Eastern Medicine and Herbs: Treating the Individual
Given the growing popularity of eastern and alternative medicines as seen through their relatively steady demand in spite of the recent economic downturn, it’s natural to try to understand their appeal. Why do proponents of eastern medicine swear by its natural remedies, while others claim that it is simply a waste of money? According to Ted J. Kaptchuk, O.M.D.’s book, The Web That Has No Weaver: Understanding Chinese Medicine, “the Chinese method is…holistic, based on the idea that no single part can be understood except in its relation to the whole. A symptom, therefore, is not traced back to a cause, but is looked at as part of a totality.” Eastern medicine maintains that the body, mind, and environment should be in harmony with one another. Accordingly, practitioners of eastern medicine consider mental and social factors when diagnosing illnesses.
As a result, practitioners of eastern medicine seek to maintain favorable mental states among their patients; happiness, it is thought, can help prevent illness. Eastern medicine therefore places great emphasis on lifestyle management in line with the belief that people in better mental states will be less likely to experience health problems. If, however, any mental or physical imbalances are detected, the path to recovery typically consists of a combination of herb and plant-based remedies, which advocates of eastern medicine contend are more safe, natural, and effective than artificially manufactured drugs prescribed by allopathic physicians.
One of the most commonly prescribed remedies in eastern medicine is ginseng root. A Chinese root believed to imbue its consumers with energy, vitality, enhanced memory, and a strengthened immune system, ginseng has attracted much attention in the past decade. Early studies have demonstrated the efficacy of ginseng. A 2003 study conducted by Kiefer and Pantuso at the University of Arizona College of Medicine and published in the American Family Physician journal demonstrated that Panax ginseng—the most commonly used version of ginseng—may improve psychological function, immune function, and conditions associated with diabetes. A 2008 study published in Pharmacology Biochemistry and Behavior at the University of Maryland Medical Center by Kim et al. showed that Panax ginseng improves memory, concentration, and other cognitive abilities. Additionally, numerous Asian studies have also shown ginseng’s ability to slow the progression of cancer. A 1999 study in the Korea Cancer Center Hospital by Dr. TK Yun showed that ginseng could be a nonorgan-specific cancer preventive agent in mouse lung tumors.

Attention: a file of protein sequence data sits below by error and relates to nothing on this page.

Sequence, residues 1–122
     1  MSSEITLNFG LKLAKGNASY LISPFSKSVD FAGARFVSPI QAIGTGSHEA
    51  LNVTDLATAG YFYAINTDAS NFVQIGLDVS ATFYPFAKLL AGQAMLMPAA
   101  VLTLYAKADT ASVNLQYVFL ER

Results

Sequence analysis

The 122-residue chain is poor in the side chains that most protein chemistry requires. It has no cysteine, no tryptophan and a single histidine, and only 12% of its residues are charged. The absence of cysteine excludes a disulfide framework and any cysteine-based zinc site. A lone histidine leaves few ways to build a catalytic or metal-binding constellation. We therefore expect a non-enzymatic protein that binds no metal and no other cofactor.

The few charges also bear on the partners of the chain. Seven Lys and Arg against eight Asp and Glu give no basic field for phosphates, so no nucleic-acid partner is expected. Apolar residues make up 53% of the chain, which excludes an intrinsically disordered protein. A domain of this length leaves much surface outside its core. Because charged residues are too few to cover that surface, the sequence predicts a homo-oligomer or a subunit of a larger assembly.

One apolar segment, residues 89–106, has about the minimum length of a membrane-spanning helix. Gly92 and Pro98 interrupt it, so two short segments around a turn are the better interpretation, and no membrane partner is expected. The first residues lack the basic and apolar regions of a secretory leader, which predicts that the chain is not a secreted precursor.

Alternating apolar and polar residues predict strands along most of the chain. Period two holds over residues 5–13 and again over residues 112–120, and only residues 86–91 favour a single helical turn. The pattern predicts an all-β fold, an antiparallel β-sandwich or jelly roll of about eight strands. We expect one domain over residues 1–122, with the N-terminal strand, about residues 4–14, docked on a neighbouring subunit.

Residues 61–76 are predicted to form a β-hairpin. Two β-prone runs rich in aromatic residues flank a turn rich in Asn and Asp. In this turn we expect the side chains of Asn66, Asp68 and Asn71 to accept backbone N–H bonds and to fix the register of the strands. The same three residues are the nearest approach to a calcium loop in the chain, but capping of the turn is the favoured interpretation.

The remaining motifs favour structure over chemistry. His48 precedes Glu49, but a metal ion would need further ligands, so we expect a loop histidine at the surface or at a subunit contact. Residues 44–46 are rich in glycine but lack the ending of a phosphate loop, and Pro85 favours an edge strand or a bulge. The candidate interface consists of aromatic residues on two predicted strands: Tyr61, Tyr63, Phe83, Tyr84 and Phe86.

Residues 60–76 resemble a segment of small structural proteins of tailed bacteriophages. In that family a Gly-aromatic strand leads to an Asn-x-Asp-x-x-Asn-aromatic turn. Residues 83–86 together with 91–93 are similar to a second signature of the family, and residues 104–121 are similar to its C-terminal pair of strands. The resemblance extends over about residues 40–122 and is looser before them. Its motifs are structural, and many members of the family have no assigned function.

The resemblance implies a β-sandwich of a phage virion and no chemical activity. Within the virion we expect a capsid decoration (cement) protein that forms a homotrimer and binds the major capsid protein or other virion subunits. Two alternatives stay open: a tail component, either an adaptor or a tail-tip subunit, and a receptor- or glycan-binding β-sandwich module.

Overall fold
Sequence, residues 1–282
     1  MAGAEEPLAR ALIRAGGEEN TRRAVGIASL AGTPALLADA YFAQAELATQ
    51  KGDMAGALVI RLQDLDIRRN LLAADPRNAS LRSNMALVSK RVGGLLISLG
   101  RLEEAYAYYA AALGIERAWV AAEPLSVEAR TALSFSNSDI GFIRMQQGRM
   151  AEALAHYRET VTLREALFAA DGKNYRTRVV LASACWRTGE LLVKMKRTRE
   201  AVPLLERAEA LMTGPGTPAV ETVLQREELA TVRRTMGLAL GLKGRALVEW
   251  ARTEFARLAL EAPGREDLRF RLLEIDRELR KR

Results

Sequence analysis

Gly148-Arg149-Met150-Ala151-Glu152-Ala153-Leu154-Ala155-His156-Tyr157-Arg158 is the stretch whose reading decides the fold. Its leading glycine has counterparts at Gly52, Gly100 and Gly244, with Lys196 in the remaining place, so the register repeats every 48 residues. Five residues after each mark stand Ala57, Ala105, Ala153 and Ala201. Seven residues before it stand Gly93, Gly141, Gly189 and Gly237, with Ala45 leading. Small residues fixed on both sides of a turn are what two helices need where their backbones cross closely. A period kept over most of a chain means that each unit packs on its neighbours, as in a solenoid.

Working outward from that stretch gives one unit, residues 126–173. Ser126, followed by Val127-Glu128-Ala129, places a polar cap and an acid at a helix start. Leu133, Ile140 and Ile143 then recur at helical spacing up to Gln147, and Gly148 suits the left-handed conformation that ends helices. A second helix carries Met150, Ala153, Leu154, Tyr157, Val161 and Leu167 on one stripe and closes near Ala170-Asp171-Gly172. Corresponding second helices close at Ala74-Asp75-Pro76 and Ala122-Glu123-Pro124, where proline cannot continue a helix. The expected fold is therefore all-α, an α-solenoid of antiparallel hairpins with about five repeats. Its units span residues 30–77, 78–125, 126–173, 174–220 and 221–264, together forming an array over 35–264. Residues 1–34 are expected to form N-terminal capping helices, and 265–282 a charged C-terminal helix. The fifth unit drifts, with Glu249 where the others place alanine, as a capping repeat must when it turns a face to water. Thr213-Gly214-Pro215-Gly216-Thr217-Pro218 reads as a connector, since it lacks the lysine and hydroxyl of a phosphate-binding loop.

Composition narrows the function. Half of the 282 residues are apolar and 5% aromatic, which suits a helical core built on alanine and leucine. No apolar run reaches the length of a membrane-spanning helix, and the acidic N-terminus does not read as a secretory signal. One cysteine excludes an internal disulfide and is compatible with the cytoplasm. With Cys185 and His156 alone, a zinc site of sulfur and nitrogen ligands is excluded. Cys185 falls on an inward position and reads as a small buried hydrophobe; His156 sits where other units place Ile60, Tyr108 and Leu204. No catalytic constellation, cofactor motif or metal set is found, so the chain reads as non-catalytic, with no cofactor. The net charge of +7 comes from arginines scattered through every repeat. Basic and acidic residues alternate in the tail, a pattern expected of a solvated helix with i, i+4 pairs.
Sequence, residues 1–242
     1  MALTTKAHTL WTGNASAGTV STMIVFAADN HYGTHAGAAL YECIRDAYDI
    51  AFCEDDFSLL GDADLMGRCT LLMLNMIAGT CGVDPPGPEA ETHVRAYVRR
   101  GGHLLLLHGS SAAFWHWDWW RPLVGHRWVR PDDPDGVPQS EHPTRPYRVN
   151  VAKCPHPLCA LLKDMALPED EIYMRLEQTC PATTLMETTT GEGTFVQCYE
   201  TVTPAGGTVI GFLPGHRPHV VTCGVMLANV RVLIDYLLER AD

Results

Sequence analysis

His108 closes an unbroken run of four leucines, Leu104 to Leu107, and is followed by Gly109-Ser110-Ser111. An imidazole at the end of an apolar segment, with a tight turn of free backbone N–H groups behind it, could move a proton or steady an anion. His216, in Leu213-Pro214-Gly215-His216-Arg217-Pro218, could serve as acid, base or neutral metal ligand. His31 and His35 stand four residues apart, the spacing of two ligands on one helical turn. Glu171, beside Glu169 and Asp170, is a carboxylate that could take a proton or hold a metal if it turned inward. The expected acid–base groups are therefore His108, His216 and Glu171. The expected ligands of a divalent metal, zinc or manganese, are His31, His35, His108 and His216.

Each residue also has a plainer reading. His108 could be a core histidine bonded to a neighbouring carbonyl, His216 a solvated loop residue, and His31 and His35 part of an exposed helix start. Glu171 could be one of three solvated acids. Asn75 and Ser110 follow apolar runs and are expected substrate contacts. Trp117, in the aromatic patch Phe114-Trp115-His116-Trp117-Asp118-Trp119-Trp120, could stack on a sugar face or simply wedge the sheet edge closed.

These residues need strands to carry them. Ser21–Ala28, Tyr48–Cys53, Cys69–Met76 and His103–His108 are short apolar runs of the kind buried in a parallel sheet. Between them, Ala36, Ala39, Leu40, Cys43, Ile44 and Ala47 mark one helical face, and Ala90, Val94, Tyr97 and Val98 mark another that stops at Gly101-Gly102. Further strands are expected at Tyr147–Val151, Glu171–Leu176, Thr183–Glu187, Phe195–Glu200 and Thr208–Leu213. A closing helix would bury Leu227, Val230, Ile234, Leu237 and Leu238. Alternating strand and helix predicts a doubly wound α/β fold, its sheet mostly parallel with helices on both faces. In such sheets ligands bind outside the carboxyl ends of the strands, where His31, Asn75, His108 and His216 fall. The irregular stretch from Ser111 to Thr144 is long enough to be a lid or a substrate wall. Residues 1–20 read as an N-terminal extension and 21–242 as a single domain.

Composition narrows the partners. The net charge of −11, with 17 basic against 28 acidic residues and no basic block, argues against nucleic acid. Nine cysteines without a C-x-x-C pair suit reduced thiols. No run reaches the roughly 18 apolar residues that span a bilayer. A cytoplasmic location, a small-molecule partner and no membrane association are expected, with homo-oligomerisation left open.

While these results seem promising for proponents of eastern medicine, some authorities state that more carefully designed studies must be conducted before these improvements can be solely attributable to ginseng and not to potential placebo or causation vs. correlation effects. According to the late C. Norman Gillis who studied Panax ginseng and whose findings were published in the 1997 issue of Biochemical Pharmacology, research on ginseng remains inconclusive because many studies use extracts and concentrations of the herb that are not standardized. More cancer research is necessary to validate the aforementioned findings. Currently, the NIH states that ginseng is only possibly effective for improving thinking and memory, lowering blood sugar levels in diabetics, improving sexual function in men with erectile dysfunction, and delaying premature ejaculation.
The debate on the efficacy of ginseng characterizes the current disagreement between those who support and oppose eastern and alternative medicines. Perhaps patients of eastern and alternative medicines prefer holistic approaches to health; the scientific validity of eastern practices, like the prescription of ginseng, though, has yet to be fully determined. Whether or not practitioners of eastern medicine employ medically sound practices will continue to be hotly debated and hopefully resolved as a new body of literature on eastern medicine develops.
Regardless of whether proponents of eastern or western medicines triumph, it is clear that the best medical treatments understand that patients are more than a mere conglomeration of symptoms. As Dr. William Osler, one of the founding professors of the Johns Hopkins Hospital, once said, “The good physician treats the disease; the great physician treats the patient who has the disease.”
This article was updated on 11/4/2011.